The U.S. Department of State Global Sports Mentoring Program is a global network of changemakers.  The program combines mentorship and cultural exchange to connect more than 130 changemakers on a mission to positively impact their societies.  These seventeen have came from all across the world; from Brazil to Cambodia to Paraguay.  The presentations today will include the plans they have developed with their mentors for inspiring sport-based social change.

    Be sure to watch as these leaders are preparing to change the world!

    Recipients in our college for the Chancellors Citation include:

    CEHHS Faculty, Staff and Students Recognized at Chancellor’s Honors Banquet

    The College of Education, Health, and Human Sciences is proud of their faculty, staff and students.  Several were named as recipients at the 2018 Chancellor’s Honors banquet. Awards were presented in two categories, the Chancellor’s Citation Awards & Campus Honors.

    Recipients in our college for the Chancellors Citation include:

    Extraordinary Academic Achievement-Honors Undergraduates Who Exhibit Extraordinary Scholarship

    • Emily Kathryn Allen
    • Nicole Lynn Chojnacky
    • Natalie Renee Cross
    • Jennifer Lynn Davis
    • Kortney N. Dunbar
    • Malik Toure Elion
    • Sarah Meghan Gregg
    • Hannah Joy Holman
    • Josephine Jennings
    • Brianna Helen Leverenz
    • Riley James Lovingood
    • Anneliese Marie Newell
    • Kyle Lawrence Phillips
    • Marshall Shane Welch
    • Carlee Laine Workman

    Extraordinary Campus Leadership & Service-For graduating students who are extraordinary campus leaders with significant service to others.

    Sarah Nadel, Educational Psychology & Research PhD Program

    Extraordinary Professional Promise-Honors are awarded to undergraduate and graduate students who demonstrate professional promise in teaching, research and other contributions.

    • Emily Sue Corley
    • Isabel Cecilia Farrell
    • Katherine V. Graham
    • Lexi Jean Hartsock
    • Erin Greggory Hendricks
    • Colton (Tanner) Kilpatrick
    • Julia Grace Navin
    • Abigail G. Rider
    • Kelsi Anne Schaer
    • Jessica Laing Siegele

    Graduate Student Teaching Award-Honors graduate student excellence in instruction.

    Andrew Bass, KRSS

    Outstanding Scholar Athlete Awards-Honors students who excel exceptionally in both scholarship and athletics.

    • Emily Kathryn Allen
    • Nicole Lynn Chojnacky
    • Scott Cousino
    • Jennifer Lynn Davis
    • Kortney N. Dunbar
    • Malik Toure Elion
    • Sarah Meghan Gregg
    • Hannah Joy Holman
    • Josephine Jennings
    • Jakob Johnson
    • Brianna Helen Leverenz
    • Riley James Lovingood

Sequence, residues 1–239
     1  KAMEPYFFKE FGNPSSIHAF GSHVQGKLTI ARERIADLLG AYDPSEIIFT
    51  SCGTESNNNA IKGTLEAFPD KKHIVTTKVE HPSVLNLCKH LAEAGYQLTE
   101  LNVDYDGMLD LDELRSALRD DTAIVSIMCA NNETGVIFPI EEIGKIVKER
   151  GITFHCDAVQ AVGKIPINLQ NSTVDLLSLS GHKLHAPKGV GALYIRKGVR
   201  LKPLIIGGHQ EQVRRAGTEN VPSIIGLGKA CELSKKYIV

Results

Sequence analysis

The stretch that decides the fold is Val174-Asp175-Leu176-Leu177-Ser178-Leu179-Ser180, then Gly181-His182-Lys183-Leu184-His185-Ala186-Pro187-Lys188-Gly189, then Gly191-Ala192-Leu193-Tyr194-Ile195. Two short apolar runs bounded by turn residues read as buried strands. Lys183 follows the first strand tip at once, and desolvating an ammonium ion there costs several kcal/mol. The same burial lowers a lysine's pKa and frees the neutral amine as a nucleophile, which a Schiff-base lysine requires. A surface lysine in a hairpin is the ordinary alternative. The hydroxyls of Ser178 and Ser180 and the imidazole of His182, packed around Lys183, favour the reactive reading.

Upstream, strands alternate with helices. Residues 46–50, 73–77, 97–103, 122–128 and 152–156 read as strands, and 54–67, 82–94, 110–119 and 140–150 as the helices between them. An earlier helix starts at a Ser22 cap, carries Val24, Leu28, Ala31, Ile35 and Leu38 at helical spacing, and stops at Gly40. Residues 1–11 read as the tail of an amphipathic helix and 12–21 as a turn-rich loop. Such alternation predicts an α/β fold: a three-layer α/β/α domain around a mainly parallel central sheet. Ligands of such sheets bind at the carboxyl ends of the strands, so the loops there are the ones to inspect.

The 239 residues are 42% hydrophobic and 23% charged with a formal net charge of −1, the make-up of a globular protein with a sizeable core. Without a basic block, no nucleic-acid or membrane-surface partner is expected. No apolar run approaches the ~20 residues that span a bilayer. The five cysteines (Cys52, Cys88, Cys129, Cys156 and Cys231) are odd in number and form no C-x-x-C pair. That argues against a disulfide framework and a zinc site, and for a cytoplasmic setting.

• Anneliese Marie Newell
    • Kyle Lawrence Phillips

    Top Collegiate Scholar Awards-Honors undergraduates who exhibit extraordinary scholarship.

    • Elizabeth Lynn Elajam
    • Olivia Brooke Herd
    • Amanda Ruth Tennille

    Recipients in our college for Campus Honors include:

    Excellence in Advising Award-Bestowed by the Office of the Chancellor and the Teaching Council of the Faculty Senate to honor outstanding work in advising.

    • Lucy Simpson, Academic Advisor and Internship Coordinator, RHTM
    • Jana Spitzer, Interim Director of Advising and Student Services

    Excellence in Teaching-Bestowed by the Office of the Chancellor and the Teaching Council of the Faculty Senate to honor outstanding work in the classroom.

    • Lars Dzikus, KRSS

    Hardy Liston Jr. Symbol of Hope Award-Honors a faculty member, staff member, or friend of the university who demonstrates a commitment to diversity and multiculturalism.

    • Steven Waller, KRSS

    Research and Creative Achievement-Given to senior faculty in recognition of excellence in research, scholarship and creative achievement.

    • Melinda Gibbons, EPC

    Torchbearer-The highest honor given to UT students, this distinction reminds all students that those who bear the Torch of Enlightenment shadow themselves to give light to others.  Given to honor graduating seniors for academic excellence and service to the university and society at large.

    • Feroza Freeland, Volunteer with University Assisted Community Schools
    • Morgan Hartgrove, Health Policy & Public Health

     

    A full listing of all the awards and recipients can be found on the Chancellor’s Honors Banquet website.

     

     

    Phi Kappa Phi Initiates

    Six Students Initiated into Phi Kappa Phi Honor Society

    Congratulations to the Spring Initiates of Phi Kappa Phi Honor Society

    • Emily Brooks
    • Sophie Lowe
    • Leslie Owle, graduate
    • Valerie Schmidt-Gardner
    • Skyla Smith
    • Shannon Wilson

    The Honor Society of Phi Kappa Phi is the oldest and most selective multidisciplinary collegiate honor society with more than 30,000 members across 300 campuses. Membership consists of top juniors, seniors, and graduate students who meet rigorous eligibility requirements including completed credit hours and ranking within the top 7.5-10% of their class.

    Conversations Worth Having Book Cover

    CEHHS Alumni Authors Book on Conversations

    A College of Education, Health and Human Sciences alumni, Cheri Torres, has co-authored a book, “Conversations Worth Having: Using Appreciative Inquiry to Fuel Productive and Meaningful Engagement.”  The book, co-authored with Jackie Stavros, uses real life stories to teach two simple practices for creating conversations worth having and five principles to support success.